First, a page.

Even when he was ill though, Ray was always the gentleman. Never mind for better for worse, he said to me, you never signed up for this, Michelle love. A respite, that's what you need. So we got this woman once a week, Sheila, nice person, came five till nine, made Ray's tea, read to him, said you go on out Mrs Turner, have a break.
I'm not a person with a lot of women friends. I went to the pictures a few times or sat on my own in a restaurant, and then I'd go home, pay Sheila, kiss Ray goodnight and go to bed in Julie's room. And then one day I was reading the paper and I started looking down the lonely hearts columns – just for a laugh – and I suddenly thought, why not?
I avoided the ones desperate for love - I was married to Ray, nothing changed that. And the ones who expected 'broad-minded fun'. Discreet friendship, that was more my line. Someone to share a film or meal with, to talk to about normal things and forget about illness and pills and appointments. I didn't plan for anything more...
I won't bore you with the mistakes. (Giggles) No, really, I can't. Bless them, what's that saying about having to kiss a load of frogs...?
Opens case and takes out photo.
Well, it was worth it because I found Terry. So now you know. He's not a old school friend, that was a little white lie, because I couldn't face telling Julie I'd answered an ad in the paper. He's actually the same age as me, so it's perfectly plausible. Terry's been divorced for six years so there wasn't any need for him to be discreet, but he respected my situation - with his business in Spain and travelling a lot, he wasn't looking for commitment either.
It suited me, I didn't like to get Sandra in more than once a week. As it was I'd come home and Ray, would pucker up best he could and say, Must've been a good film, you look like you've enjoyed yourself. I swear he knew, but he never asked me anything, that's the sort of man he was.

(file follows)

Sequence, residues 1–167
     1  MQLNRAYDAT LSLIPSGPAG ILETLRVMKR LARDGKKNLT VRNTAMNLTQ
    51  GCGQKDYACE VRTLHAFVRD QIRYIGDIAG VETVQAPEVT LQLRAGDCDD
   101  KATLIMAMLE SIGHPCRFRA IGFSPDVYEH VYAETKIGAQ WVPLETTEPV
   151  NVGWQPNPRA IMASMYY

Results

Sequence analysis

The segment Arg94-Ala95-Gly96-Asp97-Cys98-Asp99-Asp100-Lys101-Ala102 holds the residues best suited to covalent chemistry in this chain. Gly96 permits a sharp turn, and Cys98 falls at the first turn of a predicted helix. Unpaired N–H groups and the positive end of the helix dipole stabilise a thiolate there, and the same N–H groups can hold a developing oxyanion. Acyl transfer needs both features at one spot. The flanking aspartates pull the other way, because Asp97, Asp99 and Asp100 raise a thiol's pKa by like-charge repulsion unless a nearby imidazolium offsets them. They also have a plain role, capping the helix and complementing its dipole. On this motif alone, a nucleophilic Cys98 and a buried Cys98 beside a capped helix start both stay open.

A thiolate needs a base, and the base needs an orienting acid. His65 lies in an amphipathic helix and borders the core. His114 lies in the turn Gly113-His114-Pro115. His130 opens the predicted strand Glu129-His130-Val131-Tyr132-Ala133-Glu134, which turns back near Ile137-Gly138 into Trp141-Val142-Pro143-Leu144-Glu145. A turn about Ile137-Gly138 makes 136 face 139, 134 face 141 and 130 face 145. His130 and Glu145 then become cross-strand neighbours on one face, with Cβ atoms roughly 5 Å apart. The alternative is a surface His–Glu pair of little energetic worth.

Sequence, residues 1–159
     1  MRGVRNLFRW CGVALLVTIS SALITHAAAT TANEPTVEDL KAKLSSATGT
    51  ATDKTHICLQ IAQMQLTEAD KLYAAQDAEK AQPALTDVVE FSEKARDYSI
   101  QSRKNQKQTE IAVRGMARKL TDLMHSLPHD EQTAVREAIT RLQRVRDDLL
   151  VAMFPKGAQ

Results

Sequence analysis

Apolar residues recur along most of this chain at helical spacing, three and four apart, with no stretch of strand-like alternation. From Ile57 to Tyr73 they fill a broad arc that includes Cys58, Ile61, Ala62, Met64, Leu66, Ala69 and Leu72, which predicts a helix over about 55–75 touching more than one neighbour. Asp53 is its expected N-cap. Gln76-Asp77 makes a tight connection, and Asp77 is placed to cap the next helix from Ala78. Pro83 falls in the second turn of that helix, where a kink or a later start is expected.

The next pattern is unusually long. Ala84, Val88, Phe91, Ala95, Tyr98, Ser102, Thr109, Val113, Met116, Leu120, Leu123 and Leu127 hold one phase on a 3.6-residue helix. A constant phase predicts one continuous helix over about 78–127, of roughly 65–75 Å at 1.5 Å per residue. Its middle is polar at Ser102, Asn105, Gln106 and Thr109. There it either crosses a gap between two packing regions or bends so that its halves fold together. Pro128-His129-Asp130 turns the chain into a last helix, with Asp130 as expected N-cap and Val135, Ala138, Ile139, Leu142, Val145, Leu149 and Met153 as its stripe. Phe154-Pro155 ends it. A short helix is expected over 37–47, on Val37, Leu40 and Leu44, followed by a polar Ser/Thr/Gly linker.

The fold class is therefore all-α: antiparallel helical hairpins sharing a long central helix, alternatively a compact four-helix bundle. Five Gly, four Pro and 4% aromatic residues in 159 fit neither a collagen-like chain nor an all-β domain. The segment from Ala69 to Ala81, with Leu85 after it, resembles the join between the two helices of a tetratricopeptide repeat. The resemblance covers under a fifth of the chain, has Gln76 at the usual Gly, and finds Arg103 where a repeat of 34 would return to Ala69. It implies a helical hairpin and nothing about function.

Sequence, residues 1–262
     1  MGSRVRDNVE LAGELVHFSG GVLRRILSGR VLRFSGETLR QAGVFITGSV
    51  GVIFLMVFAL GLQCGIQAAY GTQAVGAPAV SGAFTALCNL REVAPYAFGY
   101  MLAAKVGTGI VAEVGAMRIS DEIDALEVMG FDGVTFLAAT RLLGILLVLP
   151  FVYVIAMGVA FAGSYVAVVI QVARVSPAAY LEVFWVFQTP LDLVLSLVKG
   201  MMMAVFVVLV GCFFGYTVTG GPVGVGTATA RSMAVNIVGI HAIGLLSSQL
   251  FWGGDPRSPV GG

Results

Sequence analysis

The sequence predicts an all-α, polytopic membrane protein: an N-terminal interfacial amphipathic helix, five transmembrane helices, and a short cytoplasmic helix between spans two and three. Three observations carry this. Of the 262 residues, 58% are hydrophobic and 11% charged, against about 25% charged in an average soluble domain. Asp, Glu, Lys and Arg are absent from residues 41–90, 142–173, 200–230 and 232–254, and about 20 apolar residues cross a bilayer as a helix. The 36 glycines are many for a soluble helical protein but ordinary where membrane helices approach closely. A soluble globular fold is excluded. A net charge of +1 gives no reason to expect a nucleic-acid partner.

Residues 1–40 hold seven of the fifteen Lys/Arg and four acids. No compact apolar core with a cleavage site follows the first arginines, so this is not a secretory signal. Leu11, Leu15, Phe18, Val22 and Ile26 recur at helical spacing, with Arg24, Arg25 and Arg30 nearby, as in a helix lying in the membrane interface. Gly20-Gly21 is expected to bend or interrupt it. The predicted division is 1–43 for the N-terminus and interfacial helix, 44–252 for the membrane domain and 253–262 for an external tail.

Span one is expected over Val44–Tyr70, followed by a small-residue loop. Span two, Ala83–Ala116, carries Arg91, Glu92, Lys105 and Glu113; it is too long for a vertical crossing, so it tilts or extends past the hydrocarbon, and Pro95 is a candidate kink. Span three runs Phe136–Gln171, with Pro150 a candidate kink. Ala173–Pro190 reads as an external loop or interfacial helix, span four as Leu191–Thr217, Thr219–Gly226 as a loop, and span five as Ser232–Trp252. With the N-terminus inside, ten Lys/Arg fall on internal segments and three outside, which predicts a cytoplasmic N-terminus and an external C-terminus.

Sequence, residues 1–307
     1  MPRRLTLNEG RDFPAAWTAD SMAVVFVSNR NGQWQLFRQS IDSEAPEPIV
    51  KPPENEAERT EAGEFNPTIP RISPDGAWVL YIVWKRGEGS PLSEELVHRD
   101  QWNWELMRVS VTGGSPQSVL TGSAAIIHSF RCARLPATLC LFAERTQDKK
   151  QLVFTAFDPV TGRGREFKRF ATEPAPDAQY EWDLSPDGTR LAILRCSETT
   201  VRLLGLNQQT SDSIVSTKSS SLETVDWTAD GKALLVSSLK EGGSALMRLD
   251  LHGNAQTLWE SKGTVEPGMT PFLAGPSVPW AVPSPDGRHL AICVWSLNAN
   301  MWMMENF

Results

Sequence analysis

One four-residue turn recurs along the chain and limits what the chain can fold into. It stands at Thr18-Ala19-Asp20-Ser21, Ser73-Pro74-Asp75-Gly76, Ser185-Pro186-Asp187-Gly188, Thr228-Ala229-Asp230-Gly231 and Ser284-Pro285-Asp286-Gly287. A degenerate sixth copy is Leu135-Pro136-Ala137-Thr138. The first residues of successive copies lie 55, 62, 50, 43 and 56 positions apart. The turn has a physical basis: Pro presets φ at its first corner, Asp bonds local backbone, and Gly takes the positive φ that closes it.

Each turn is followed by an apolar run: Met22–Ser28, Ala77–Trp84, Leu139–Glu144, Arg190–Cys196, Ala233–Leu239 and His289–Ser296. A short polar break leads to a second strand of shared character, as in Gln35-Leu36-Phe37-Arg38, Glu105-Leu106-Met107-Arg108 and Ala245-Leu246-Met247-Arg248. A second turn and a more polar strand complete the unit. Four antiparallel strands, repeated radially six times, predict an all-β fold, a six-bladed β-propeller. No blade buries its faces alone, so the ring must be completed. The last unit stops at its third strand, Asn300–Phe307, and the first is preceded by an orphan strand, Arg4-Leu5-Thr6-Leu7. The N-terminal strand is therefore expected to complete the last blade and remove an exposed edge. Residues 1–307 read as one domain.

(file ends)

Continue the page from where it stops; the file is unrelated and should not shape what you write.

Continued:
Twisting and playing with her wedding ring.
I know it sounds silly, but I always felt he meant to set me free. Of course you can't will a heart attack to happen, but he must have got some warning, he only had to cry out...
Don't look at me like that – God's truth I never heard him! I'd only had a couple of G&Ts. It was an awful shock finding him in the morning, knowing I should have been there.
I didn't know how Terry would react, me suddenly being free. But he's really keen for me to come out to Spain. We're going to be partners in his car hire business. (looks thoughtful) Course, he'll still have to come to England a couple of times a month, look after his interests here. But it'll be ok. I'm sure it will. Then Julie and Michael can bring the girls out for a holiday. They'll like that.
Looks up as if at departure board
My flight's up at last. See - Malaga, gate 46. Well, here goes. Be in Spain with Terry in a couple of hours. Sometimes you've just got to take your courage in both hands. Trust that things will be all right.
I think I'll send Julie that text now.
Exit with case, phone in hand.
This monologue was written for the 2105 Bard of Frome competition.
Why the Isle of Lewis chess set queen? I've always felt an affinity for her: she looks as if she can't remember if she turned off the oven.